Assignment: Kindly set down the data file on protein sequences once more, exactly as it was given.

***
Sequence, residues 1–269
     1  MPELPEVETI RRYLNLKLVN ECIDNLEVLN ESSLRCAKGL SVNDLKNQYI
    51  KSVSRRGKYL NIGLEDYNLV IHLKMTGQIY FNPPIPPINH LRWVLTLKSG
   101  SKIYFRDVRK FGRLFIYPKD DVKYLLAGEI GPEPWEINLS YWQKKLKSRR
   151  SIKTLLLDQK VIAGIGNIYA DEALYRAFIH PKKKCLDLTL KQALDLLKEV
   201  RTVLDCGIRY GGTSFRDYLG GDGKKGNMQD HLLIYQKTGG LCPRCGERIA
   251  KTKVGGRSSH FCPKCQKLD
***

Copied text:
Sequence, residues 1–269
     1  MPELPEVETI RRYLNLKLVN ECIDNLEVLN ESSLRCAKGL SVNDLKNQYI
    51  KSVSRRGKYL NIGLEDYNLV IHLKMTGQIY FNPPIPPINH LRWVLTLKSG
   101  SKIYFRDVRK FGRLFIYPKD DVKYLLAGEI GPEPWEINLS YWQKKLKSRR
   151  SIKTLLLDQK VIAGIGNIYA DEALYRAFIH PKKKCLDLTL KQALDLLKEV
   201  RTVLDCGIRY GGTSFRDYLG GDGKKGNMQD HLLIYQKTGG LCPRCGERIA
   251  KTKVGGRSSH FCPKCQKLD